Today there was a link on the ICA Facebook Page to an excellent article about "What NOT to Say to Someone in Chronic Pain". I started to join the conversation on the FB page but decided this was a good topic for my Blog today and that I would post my take on this ever recurring topic. Here's the link to the article in case you missed it on the ICA FB page.
Like the author I TRY very hard to take things in the spirit in which they are intended. Most people aren't trying to be snarky but think they're being helpful. There are always going to be some people we encounter that in fact may be disbelievers and intentionally make assumptions and comments, but they're not worth our time or energy. I work hard not to let those people get to me; I know they're just ignorant and not interested in understanding and if that's the case, it's not worth my energy to explain it to them.
Now, if someone who I think is interested, but just doesn't fully understand makes a statement that seems insensitive, then I try to explain the reality of the situation. Those people are worth my time and effort and this usually works with people in this category.
Recently, there has been a new situation I have encountered that for me, at least, puts me in what I feel is more of an uncomfortable position as opposed to making me mad or upset. This is the situation when meeting new people who genuinely are interested in my pain & IC, ask me all about it, and are very sympathetic. But then next thing you know they're sending you suggestions on treatments to try; acupuncture, diets, and so forth. I know they mean well, they want to help and I actually like these people. But, I've had this for 12 years, do they really think I haven't explored every option out there to help my pain and symptoms? And what does one say to them without sounding like you aren't interested in trying new or different therapies? Everything I come up with sounds like I'm not interested in trying to help myself or that I'm just blowing them off. It puts me, the sick person, in such an awkward and uncomfortable situation. And I feel that this is not fair.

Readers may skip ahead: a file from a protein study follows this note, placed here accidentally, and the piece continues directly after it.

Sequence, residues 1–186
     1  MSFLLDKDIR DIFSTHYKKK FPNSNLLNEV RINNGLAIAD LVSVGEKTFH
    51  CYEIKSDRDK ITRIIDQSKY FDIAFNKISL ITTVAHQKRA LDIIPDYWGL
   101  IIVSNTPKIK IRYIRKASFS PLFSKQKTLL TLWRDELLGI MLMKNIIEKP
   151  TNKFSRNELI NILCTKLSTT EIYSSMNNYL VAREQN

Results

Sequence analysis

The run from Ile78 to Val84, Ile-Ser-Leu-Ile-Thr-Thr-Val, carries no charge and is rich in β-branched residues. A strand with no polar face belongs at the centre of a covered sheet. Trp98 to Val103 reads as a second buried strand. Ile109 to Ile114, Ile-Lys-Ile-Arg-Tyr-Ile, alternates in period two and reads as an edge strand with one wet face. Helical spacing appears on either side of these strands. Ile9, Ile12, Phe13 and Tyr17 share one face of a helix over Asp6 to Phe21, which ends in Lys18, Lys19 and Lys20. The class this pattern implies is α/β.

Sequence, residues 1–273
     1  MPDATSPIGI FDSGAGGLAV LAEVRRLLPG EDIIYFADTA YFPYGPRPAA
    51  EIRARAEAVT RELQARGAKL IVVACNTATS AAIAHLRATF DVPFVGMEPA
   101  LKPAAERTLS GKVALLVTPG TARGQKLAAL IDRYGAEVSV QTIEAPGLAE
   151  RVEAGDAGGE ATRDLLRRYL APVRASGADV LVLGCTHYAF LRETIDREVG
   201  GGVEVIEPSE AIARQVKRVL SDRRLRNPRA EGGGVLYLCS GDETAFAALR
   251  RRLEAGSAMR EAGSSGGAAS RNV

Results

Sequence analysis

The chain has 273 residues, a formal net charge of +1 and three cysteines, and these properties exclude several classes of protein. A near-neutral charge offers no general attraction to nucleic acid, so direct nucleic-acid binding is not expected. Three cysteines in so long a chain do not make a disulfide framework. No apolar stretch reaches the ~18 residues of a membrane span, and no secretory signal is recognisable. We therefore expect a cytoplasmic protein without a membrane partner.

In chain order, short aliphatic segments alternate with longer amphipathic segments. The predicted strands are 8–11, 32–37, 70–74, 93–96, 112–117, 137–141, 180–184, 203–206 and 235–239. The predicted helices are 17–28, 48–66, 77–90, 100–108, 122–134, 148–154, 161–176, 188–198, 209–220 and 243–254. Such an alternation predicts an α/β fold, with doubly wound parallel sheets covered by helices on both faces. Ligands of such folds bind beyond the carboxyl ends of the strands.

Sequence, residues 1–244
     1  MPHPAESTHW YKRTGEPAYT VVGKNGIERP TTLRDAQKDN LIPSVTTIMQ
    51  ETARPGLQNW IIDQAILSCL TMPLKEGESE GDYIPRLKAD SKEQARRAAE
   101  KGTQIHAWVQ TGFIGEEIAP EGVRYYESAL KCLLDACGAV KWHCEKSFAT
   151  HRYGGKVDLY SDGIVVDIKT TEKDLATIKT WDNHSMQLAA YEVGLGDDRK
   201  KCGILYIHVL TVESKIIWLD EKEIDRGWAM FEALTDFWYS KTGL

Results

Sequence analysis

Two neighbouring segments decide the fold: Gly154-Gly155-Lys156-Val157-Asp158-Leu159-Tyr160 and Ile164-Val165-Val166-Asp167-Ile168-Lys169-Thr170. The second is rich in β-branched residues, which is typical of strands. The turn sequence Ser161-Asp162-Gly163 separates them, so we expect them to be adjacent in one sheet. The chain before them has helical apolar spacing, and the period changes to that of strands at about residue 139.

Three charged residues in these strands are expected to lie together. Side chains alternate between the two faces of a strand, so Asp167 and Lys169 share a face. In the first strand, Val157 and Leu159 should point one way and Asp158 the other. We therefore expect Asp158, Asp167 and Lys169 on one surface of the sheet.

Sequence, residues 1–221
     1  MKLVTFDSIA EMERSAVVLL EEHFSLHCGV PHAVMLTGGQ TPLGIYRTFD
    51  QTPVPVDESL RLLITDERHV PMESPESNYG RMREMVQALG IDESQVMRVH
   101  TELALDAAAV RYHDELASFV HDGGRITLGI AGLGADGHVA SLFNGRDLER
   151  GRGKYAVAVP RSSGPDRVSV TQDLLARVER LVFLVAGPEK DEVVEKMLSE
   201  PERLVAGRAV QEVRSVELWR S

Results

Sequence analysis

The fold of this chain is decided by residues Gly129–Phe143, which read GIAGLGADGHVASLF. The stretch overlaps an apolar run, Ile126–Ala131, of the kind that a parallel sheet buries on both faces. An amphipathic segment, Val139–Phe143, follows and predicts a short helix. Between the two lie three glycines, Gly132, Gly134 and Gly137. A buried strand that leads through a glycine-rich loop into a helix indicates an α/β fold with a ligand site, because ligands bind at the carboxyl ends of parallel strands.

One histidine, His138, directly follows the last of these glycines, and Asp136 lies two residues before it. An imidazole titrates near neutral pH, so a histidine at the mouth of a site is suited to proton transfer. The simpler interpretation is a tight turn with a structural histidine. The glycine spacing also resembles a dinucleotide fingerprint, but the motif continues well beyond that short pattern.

I think we need to do our part to make sure those in our lives really understand what we are dealing with. We need to ignore people who make these stupid comments, give us dirty looks when we use our Handicapped Parking Permit or even worse, accost us in parking lots like one poor woman posted happened to her! I get the dirty looks too when I use my permit! While it's upsetting, of course, some situations aren't worth engaging in. I know, easier said than done. But it's a goal.
My wish for family, friends and people who are involved in the lives of those of us living with chronic illness, pain and invisible disease would be to just ask us how they can be supportive to us? Ask us what we need from them; how can they help? Instead of offering up unsolicited treatment options, or giving us trite "words of wisdom" on how to handle our illness, ASK questions first! Ask if you don't understand what we're dealing with and allow us to explain it to you. If you don't understand, ask again. Most chronic pain patients are extremely knowledgeable about their condition, the treatment options available and the research going on. We'd love to tell you about it if you want to know. After we've explained our illness, then ask us how to help and what you can do to support us.
So, I feel we should all work at educating those around us, but sincerely wish those who are in the lives of people suffering from chronic pain/invisible disease(s) should ASK before you speak!